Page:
Unfortunately, there aren’t enough registered donors. Many people, myself included, believe we should have a system where you are presumed willing to donate your organs when you die, unless you have specifically opted out. When this was introduced in Spain the number of transplants rocketed and thousands of lives have since been saved. And a growing number of people are offering a kidney to total strangers. It’s called ‘altruistic donation’. What an amazing thing to do for a fellow human being.
So please remember: you only need one kidney. Your other one could save someone’s life.
Enough kidney talk. Back to books…
My latest novel The Brave is out in paperback in the UK and doing pretty well. The US paperback will be published in November. To tie in with the paperback publication of The Brave, my UK publishers have released new editions of all my books, featuring new covers – including a new look for The Horse Whisperer.
If you’ve read and enjoyed The Horse Whisperer, you can now vote for it as one of your top 10 books for World Book Night 2012. This is a charity event, designed to promote literature and reading, in which readers give away copies of a selection of books to their friends, family and colleagues. Last year over a million books were given away, and this year the event involves a public vote to find the nation’s top 100 books, from which 25 titles will be selected to give away.
The public vote is now open until 31st August. You can vote here on World Book Night or follow the link from my website. It’s a great initiative, so do please get involved.
That’s all for now, except to say a big thank you to all of you who have emailed me your good wishes via my website. Because of the transplant, I’m a little behind in replying but I promise I will soon.
With all best wishes,
Now Available: THE BRAVE
There’s little love in eight-year-old Tom Bedford’s life. His parents are old and remote and the boarding school they’ve sent him to bristles with bullies and sadistic staff. The only comfort he gets is from his fantasy world of Cowboys and Indians. But when his sister Diane, a rising star of stage and screen, falls in love with one of his idols, the suave TV cowboy Ray Montane, Tom’s life is transformed. They move to Hollywood and all his dreams seem to have come true. Soon, however, the sinister side of Tinseltown casts its shadow and a shocking act of violence changes their lives forever.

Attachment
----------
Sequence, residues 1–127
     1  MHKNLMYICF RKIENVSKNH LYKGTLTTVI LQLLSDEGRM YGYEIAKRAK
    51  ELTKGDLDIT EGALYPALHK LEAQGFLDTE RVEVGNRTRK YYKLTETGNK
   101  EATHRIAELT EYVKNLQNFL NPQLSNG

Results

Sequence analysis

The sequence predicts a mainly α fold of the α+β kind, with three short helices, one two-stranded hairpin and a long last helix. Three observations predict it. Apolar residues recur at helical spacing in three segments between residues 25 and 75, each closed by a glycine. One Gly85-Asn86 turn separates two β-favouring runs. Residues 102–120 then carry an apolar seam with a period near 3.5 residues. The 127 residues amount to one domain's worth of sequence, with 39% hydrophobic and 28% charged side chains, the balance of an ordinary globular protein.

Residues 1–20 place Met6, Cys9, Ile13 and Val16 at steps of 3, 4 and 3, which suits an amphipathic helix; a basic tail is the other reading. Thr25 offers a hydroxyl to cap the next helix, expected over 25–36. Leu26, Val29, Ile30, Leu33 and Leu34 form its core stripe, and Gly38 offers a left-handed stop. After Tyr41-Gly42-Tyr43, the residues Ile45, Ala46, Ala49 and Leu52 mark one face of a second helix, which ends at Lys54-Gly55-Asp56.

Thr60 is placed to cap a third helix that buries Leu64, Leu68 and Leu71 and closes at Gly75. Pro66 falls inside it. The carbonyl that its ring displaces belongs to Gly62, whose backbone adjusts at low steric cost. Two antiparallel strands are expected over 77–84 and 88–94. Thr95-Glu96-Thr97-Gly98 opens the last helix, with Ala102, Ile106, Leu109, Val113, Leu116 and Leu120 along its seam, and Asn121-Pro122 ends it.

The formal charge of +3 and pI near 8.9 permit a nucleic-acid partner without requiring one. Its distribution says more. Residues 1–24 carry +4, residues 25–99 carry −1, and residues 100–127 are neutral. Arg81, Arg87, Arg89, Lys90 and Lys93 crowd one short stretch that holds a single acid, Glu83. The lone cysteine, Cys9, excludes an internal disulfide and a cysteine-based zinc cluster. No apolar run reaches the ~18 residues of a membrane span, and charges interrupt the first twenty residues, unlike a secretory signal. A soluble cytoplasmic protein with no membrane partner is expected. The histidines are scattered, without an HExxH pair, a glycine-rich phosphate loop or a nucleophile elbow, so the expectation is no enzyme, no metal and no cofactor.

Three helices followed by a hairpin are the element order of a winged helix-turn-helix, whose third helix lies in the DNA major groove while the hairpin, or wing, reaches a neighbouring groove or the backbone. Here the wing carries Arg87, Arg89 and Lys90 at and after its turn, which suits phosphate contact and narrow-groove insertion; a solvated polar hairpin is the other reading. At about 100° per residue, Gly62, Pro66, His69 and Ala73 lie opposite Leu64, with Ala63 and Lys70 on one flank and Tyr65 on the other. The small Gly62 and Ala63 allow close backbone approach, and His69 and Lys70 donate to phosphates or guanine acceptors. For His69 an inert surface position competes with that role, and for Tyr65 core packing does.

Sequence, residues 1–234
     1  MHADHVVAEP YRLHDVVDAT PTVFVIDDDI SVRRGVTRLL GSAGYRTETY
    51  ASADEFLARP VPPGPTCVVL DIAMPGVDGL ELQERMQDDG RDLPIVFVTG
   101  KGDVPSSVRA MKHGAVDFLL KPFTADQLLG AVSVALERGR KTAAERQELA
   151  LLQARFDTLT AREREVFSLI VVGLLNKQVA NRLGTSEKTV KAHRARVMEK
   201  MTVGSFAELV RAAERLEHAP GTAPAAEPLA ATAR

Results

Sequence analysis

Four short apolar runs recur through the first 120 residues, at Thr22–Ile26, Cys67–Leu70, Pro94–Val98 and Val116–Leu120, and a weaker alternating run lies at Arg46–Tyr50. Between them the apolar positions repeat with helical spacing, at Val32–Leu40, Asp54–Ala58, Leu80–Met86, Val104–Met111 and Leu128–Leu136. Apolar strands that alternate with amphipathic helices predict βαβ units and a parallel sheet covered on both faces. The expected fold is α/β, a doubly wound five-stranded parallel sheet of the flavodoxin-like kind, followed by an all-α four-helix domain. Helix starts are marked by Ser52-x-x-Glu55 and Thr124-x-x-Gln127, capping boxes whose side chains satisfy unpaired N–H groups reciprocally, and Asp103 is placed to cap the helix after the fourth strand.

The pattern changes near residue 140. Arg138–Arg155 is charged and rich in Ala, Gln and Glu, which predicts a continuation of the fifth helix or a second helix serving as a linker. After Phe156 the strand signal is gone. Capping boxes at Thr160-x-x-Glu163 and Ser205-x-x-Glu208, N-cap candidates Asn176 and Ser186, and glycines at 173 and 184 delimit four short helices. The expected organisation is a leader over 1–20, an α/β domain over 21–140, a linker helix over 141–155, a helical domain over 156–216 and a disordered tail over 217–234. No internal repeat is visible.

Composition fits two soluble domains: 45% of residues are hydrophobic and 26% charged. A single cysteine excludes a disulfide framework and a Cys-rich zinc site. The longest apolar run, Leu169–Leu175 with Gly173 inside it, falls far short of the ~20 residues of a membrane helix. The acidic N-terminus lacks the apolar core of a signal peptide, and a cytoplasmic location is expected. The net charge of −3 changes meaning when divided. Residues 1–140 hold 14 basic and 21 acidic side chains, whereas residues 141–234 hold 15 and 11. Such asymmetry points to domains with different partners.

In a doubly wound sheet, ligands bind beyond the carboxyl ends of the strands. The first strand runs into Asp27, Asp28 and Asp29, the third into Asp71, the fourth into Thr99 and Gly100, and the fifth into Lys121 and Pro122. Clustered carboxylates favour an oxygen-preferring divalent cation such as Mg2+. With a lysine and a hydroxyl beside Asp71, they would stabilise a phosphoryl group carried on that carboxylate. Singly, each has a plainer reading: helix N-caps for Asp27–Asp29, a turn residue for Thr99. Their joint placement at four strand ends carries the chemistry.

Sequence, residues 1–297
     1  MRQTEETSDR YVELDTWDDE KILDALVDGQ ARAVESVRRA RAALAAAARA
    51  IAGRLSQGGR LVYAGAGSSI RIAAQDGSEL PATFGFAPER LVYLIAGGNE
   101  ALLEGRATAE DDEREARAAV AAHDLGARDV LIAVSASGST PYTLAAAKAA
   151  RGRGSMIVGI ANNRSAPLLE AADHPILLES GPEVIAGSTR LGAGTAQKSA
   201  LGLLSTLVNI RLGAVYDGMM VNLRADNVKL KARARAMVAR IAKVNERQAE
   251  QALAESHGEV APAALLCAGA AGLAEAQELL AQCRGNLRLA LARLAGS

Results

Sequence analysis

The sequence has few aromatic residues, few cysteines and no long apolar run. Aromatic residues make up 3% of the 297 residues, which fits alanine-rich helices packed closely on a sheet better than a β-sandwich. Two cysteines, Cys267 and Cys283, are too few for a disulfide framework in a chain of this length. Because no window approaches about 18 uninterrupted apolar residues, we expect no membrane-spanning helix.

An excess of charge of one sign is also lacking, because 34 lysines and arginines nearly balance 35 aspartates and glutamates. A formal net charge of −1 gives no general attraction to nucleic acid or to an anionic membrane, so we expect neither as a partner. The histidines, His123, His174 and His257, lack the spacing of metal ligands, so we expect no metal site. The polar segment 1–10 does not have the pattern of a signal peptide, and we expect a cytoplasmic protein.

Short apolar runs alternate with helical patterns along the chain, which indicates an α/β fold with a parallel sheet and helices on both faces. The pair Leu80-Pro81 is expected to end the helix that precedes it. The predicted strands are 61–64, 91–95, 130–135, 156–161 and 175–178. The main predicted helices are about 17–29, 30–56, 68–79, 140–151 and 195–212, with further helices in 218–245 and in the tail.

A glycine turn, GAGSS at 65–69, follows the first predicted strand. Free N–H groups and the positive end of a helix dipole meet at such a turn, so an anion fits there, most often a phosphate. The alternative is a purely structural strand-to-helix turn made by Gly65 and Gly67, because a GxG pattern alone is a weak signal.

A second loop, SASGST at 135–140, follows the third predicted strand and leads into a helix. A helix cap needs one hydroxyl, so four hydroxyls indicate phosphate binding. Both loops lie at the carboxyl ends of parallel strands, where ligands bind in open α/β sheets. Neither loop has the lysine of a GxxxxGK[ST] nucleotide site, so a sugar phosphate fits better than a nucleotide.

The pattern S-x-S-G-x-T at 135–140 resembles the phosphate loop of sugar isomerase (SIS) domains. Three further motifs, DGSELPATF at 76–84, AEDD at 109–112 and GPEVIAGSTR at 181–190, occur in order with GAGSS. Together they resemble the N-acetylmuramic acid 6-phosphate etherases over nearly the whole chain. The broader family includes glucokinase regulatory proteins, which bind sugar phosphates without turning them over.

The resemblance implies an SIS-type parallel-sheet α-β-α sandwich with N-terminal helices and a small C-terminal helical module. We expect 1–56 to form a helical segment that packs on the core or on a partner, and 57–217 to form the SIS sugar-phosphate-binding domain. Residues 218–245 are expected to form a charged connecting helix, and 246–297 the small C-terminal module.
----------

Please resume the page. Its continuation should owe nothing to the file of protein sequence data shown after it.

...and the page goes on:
What happened all those years ago remains a secret that corrodes Tom’s life and wrecks his marriage. Only when his estranged son, a US Marine, is charged with murder do the events resurface, forcing him to confront his demons. As he struggles to save his son’s life, he will learn the true meaning of bravery.
Powerfully written and intensely moving, The Brave traces the legacy of violence behind the myth of the American West and explores our quest for love and identity, the fallibility of heroes and the devastating effects of family secrets.
Praise for THE BRAVE
“Alternating past and present, Evans expertly juggles his twin narratives until they come shatteringly together as father and son yield to the combined weight of the secrets they hide. Combining elements of the prep school drama, the Hollywood novel, the western, and the war story, Evans (The Horse Whisperer) skillfully mixes genres to create a real crowd-pleaser.” – Publishers Weekly
“Ever the master of intense and complex relationships, Evans has crafted a time-traveling plot that admirably juggles issues of identity and fidelity to one’s self and one’s principles.” – Booklist
“The novel is a delightful mixture of heightened contrasts and juxtaposed similarities: the old and new, the father and his son, love and hate, the lines blurring to such an extent that one could be mistaken for the other […] A thoroughly gripping page-turner” – Daily Express
“His prose is always vivid and often exciting and much detail is clearly well researched” – Financial Times
“Through his storytelling skills, sound plot construction and ease with descriptive landscapes, Evans keeps a firm grip on interest until the end. Fans will not be disappointed” – Irish Independent
“The sort of emotionally cathartic read that Evan’s does best: a search for identity through the quagmire of family secrets and a redemptive ending – tissues at the ready” – Glamour (Must-read of the month)
“A novel that packs a real emotional punch” – She Magazine(Five stars)
“A moving story of a man confronting his past” – Woman & Home